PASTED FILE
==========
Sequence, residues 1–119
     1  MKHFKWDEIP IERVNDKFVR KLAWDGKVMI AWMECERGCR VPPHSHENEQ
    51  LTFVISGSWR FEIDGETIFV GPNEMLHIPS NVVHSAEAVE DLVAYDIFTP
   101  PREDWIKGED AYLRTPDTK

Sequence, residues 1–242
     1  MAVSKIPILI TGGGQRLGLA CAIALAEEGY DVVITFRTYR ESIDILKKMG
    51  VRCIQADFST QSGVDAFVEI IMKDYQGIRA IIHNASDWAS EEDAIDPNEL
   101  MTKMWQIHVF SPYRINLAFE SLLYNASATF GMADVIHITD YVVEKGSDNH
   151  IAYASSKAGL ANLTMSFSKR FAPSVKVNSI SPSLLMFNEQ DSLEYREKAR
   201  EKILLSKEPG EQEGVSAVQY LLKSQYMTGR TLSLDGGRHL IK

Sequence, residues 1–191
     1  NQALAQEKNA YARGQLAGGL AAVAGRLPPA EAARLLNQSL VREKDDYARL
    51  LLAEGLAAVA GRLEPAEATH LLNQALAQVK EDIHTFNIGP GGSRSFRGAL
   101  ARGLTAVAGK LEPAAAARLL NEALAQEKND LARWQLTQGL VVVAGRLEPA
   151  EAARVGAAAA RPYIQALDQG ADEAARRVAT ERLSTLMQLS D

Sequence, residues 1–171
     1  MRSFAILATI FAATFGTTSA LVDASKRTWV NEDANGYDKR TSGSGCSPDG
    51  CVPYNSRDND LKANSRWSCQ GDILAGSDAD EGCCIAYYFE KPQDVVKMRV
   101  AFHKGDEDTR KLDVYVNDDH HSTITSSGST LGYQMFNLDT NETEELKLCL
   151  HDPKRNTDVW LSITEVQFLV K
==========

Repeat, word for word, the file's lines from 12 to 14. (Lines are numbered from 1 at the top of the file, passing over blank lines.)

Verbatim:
     1  NQALAQEKNA YARGQLAGGL AAVAGRLPPA EAARLLNQSL VREKDDYARL
    51  LLAEGLAAVA GRLEPAEATH LLNQALAQVK EDIHTFNIGP GGSRSFRGAL
   101  ARGLTAVAGK LEPAAAARLL NEALAQEKND LARWQLTQGL VVVAGRLEPA